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Oil falls 2nd day as U.S. pipeline seen restarting
Technicals show U.S. crude may reach $79.
September 15, 2010 10:55 by Reuters
Oil fell for a second day on Wednesday as Enbridge prepared to restart the biggest Canada-U.S. crude pipeline, raising expectations of a short-lived shutdown that would limit the drainage of record-high inventories.
U.S. crude for October fell 45 cents to $76.35 a barrel by 0659 GMT, a steeper drop than the 16 cent decline in the European marker ICE Brent to $79, because of the localised impact of the pipeline outage.
Enbridge said Tuesday it was near to completing repairs on the duct and might be able to restart the line without submitting to a lengthy formal approval process from U.S. regulators. A report signalled the restart may come by the end of the week.
“This situation has been priced in, so now that it is going to restart earlier than expected, prices have re-adjusted, causing the prompt WTI price to weaken much more than Brent,” said Serene Lim, a Singapore-based oil analyst at ANZ.
The premium of front-month Brent over West Texas Intermediate (WTI), the U.S. benchmark priced at the Cushing storage hub in Oklahoma, widened to about $2.65 a barrel on Wednesday after narrowing to less than $1.40 earlier this week. It was wider than $3.50 a week ago, before the line halted flows.
Enbridge said it was welding a stretch of new pipe to replace a leaky area of Line 6A it removed from the ground on Monday. The line could have been fixed by late Tuesday if X-rays showed the seams were secure.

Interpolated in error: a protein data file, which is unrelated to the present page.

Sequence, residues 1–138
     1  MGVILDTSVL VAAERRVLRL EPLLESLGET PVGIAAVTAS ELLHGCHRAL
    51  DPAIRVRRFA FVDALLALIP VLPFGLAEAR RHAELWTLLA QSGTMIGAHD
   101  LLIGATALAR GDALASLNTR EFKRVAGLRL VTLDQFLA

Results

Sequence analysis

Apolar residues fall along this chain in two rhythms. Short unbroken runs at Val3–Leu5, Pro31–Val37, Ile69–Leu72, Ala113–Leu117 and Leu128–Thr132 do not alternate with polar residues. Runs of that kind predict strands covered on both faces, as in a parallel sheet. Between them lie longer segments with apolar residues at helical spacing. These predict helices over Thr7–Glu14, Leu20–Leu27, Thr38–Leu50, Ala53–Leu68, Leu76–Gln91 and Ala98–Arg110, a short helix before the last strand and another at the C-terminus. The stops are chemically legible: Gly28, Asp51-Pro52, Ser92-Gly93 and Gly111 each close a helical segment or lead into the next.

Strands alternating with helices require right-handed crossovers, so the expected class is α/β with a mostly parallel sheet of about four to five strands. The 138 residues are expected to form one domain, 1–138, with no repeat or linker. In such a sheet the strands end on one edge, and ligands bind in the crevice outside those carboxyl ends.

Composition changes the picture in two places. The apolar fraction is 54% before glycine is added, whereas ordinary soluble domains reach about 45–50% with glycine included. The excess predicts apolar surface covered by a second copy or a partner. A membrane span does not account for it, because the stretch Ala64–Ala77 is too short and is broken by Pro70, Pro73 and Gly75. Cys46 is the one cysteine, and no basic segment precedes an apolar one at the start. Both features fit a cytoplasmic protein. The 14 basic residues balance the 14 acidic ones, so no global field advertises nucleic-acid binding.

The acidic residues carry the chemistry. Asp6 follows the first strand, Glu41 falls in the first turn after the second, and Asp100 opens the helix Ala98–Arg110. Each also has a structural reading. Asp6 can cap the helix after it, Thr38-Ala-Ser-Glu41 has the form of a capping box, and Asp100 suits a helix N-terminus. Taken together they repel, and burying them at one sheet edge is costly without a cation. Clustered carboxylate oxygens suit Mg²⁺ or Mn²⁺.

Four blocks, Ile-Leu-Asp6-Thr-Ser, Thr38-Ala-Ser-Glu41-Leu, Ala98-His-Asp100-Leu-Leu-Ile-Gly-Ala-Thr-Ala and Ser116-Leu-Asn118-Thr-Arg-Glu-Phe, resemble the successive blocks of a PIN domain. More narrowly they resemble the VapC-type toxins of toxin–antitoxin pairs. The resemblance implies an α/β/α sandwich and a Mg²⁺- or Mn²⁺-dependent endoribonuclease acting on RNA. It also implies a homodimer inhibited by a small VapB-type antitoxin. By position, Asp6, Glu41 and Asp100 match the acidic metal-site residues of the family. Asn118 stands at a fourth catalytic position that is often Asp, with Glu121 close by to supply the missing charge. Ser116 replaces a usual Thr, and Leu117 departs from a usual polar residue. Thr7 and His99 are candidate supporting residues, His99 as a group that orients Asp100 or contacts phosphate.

U.S. crude inventories unexpectedly rose by 3.3 million barrels in the week to Sept. 10, which included at least one day of the Enbridge shutdown, as imports increased, the American Petroleum Institute (API) said on Tuesday.
The API last week reported that crude stocks had fallen a massive 7.3 million barrels in the week to Sept. 3 to 354.2 million barrels, but on Tuesday revised the week-ago figure to 358.5 million. Coupled with the latest gain, inventories are now almost unchanged from two weeks ago.
“The API did some revisions, so in itself it’s not such a bearish report,” Lim said. “Distillates and gasoline fell.”
Gasoline stocks dropped by 963,000 barrels, versus forecasts for a 700,000-barrel drop, the API said. Distillates including heating oil and diesel fell by 1.5 million barrels, against predictions for a 300,000-barrel gain.
Government data from the Energy Information Administration, due on Wednesday at 1430 GMT, is expected to show U.S. crude stocks fell 2.2 million barrels last week.
This week’s inventory reports include data through Sept. 10, the day after a leak forced the shutdown of Enbridge’s 670,000 barrel-per-day 6A pipeline, which carries Canadian crude oil to U.S. refineries in the Midwest and the Cushing hub.
“Now that Enbridge may be restarting next week, that situation seems to be over and investors might be shifting their focus to macroeconomic news,” Lim said.
The oil market’s attention was also set to turn to U.S. industrial production data due later on Wednesday.
Japan intervened in foreign exchange markets for the first time in six years on Wednesday to stem economic damage from the surging yen, pushing its currency 2 percent lower and boosting Tokyo stocks.
A trio of potentially dangerous storms swirled over the Atlantic Basin on Tuesday as Tropical Storm Karl formed in the Caribbean on a path that could take it over oil-production facilities in Mexico’s Bay of Campeche.
(Editing by Clarence Fernandez, Himani Sarkar)